There are, in fact, no buses in Rumbek, the south's interim capital. Nor is there a bonded banking system, a newspaper, a civil administration or even a motorbike service to carry villagers to and from town.
Still, Rumbek is flourishing compared with places less than 100 miles away. In rural Aweil County, feeding centers are filled with malnourished children at rates even higher than in Niger, according to James Lorenz, a spokesman for Doctors Without Borders here.
The food crisis has been caused by a combination of factors, Lorenz said, including wartime land mines that impede farming, a surge of about 78,000 returnees from Khartoum, and several thousand refugees from Sudan's separate war in the western region of Darfur.
The region's land is so fertile that, once developed, it could feed the entire Middle East, a recent U.N. study found. But the war, which took 2 million lives and displaced 4 million people, has kept southern Sudan in a primitive state, with antiquated farm tools, no running water and women more likely to die in childbirth than finish primary school.
To build a modern society and retain public support, leaders must make the transition from guerrilla movement to government, unite fractious militia groups and quickly develop services and infrastructure.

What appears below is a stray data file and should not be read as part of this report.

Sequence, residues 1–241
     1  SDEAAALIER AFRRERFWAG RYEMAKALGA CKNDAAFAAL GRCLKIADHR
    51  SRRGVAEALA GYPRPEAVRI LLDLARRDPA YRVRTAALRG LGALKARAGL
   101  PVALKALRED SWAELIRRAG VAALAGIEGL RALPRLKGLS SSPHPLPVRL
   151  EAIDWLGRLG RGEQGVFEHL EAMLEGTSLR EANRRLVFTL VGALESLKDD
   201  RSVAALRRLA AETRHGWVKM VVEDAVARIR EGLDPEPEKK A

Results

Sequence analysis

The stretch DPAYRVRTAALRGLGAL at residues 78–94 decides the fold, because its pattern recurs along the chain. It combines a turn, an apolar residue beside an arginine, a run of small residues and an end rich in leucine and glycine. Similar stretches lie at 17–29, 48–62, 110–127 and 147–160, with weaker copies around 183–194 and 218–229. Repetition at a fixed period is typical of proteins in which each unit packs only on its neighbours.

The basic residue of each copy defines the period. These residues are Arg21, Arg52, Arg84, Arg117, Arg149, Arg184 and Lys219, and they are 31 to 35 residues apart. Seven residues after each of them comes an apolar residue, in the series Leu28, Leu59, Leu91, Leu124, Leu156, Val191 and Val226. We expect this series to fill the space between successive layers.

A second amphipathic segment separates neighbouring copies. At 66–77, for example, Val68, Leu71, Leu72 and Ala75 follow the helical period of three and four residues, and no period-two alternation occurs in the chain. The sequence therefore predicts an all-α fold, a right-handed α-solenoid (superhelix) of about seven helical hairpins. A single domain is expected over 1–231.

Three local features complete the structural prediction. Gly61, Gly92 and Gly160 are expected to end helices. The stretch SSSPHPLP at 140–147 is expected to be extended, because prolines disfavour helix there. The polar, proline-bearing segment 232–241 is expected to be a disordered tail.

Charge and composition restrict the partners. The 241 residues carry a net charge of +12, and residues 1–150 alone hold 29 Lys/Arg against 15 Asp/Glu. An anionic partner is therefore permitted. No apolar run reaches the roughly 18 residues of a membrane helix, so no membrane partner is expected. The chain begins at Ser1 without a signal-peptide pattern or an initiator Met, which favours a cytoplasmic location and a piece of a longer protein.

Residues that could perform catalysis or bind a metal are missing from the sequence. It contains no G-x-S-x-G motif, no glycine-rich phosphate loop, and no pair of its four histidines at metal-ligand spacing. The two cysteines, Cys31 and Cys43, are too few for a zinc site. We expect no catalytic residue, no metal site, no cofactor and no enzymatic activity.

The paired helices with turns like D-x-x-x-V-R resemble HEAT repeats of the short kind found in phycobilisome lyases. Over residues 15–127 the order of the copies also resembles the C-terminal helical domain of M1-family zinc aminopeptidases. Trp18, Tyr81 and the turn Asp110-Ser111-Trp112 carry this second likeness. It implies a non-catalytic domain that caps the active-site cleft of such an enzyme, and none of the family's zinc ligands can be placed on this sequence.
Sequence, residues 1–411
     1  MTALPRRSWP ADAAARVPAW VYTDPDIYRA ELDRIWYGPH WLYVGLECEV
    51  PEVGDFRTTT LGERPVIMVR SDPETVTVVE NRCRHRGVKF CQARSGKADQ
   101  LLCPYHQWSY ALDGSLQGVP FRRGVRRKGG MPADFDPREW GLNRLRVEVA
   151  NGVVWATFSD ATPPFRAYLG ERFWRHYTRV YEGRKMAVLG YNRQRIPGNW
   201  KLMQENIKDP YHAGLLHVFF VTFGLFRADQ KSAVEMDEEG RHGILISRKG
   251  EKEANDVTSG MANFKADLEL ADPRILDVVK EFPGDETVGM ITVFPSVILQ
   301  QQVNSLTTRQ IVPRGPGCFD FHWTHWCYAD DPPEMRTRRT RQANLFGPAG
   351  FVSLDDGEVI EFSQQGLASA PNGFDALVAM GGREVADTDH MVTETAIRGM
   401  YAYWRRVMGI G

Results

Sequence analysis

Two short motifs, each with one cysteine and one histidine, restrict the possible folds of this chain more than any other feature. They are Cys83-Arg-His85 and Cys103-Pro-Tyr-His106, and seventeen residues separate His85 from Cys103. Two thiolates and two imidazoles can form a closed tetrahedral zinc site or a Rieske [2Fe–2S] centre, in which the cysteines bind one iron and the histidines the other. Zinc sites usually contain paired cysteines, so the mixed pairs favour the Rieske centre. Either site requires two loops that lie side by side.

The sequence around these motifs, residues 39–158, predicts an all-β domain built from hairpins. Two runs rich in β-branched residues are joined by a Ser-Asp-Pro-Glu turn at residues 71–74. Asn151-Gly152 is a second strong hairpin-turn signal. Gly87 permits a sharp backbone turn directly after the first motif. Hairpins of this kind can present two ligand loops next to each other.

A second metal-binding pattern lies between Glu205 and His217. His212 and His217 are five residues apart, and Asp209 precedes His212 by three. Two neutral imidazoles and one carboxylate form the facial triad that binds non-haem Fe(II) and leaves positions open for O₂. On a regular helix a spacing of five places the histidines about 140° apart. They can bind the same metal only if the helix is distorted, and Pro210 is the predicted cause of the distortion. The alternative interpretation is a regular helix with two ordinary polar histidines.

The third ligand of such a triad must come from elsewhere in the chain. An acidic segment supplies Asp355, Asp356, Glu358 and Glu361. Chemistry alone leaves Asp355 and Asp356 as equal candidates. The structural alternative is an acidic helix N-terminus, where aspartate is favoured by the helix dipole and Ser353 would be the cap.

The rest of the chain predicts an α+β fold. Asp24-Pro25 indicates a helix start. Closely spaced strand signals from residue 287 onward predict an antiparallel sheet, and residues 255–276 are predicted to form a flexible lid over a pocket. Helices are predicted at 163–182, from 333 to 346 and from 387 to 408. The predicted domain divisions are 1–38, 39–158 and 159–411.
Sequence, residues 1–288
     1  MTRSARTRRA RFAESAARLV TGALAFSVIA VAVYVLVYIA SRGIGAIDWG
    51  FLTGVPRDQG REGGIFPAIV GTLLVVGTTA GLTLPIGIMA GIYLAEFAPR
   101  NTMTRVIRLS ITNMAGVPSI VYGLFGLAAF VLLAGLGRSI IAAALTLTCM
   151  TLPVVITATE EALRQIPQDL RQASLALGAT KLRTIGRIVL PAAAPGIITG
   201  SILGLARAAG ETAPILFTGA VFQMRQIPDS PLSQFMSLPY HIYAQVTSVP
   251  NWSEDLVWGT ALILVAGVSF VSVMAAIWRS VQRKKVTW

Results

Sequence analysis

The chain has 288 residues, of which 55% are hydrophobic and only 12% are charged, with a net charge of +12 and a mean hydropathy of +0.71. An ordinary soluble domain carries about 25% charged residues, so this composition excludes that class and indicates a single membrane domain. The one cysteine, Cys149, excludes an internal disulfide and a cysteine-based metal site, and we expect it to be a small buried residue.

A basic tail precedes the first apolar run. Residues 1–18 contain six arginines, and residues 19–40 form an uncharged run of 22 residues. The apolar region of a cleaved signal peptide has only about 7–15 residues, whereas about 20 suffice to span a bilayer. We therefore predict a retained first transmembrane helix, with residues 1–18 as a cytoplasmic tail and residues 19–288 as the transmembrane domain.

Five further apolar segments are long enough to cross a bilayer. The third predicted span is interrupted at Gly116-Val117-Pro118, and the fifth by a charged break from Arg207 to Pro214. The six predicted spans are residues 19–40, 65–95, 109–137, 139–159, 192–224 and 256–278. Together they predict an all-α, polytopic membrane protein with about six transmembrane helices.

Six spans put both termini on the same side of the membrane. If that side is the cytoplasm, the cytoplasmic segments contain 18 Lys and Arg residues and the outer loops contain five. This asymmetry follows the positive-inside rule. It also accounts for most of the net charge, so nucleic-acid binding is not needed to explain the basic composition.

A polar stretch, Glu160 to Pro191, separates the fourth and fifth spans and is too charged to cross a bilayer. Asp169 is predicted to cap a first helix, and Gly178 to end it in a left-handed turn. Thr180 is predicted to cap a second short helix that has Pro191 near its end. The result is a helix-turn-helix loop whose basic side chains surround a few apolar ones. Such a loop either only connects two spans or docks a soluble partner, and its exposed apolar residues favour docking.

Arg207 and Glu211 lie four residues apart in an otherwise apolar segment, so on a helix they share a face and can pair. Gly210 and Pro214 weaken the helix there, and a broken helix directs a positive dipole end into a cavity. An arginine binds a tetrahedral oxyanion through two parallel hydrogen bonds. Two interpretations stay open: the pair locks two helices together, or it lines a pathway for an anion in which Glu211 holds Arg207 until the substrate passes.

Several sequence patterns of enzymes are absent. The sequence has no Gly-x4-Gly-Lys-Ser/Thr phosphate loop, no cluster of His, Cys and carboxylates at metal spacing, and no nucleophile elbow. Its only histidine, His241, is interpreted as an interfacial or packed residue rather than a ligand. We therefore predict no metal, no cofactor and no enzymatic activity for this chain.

Most people here see the discovery of oil as the best chance for prosperity. But they also fear it could bring nepotism, corruption and chaotic fighting, as has happened in neighboring Congo, where thuggish militias battle for control over gold and diamond resources.
"The enormity of the task is numbing," said Steven Weindu, the former rebel group's representative in Washington, who was visiting Rumbek. "We have a lot of sharp edges to smooth out. Anyone who returns has to have faith."
Sipping mango juice and smoking cigarettes, a group of Thian's friends crowded into an office set up to interview professionals for jobs.
"You name it, this place needs it. We have teachers with third-grade educations teaching fourth graders," said Peter Jola, who returned from Canada. In his adopted country he owned a garage. Now he's in charge of all government vehicles.
"The good thing is that opportunities are here," Jola said. "We can leapfrog and go straight to the best. We can forget landlines and just build a cell phone network. . . . Then again, I don't want to be too naive."
Already there is tension between the returnees and the local war veterans, some crippled, who feel the government owes them the jobs and training rather than the carpet-bagging businessmen back from Congo, Kenya and the United States.
"There has to be a balance between those with technical skills and those who fought in the bush," said Acuil Banggol, who played professional basketball in Egypt and has come back to earn money importing beer and digging wells. "I think there has to be enough work here to absorb everyone."
Banggol and Thian have formed a business association to enable returnees to meet residents and swap job tips. Thian said he was upbeat, even though his stomach was still adjusting to the water and he missed having high-speed Internet.
After working at the Rumbek airport this summer when it was under U.N. control, he said, he has now been assured of a good job there by the local authorities.
"Still, I won't be giving up my U.S. citizenship," he said. "What we want in Sudan is to be real citizens of the world -- equals. I can't honestly say if we'll ever get that or if I'll end up staying. But I can try."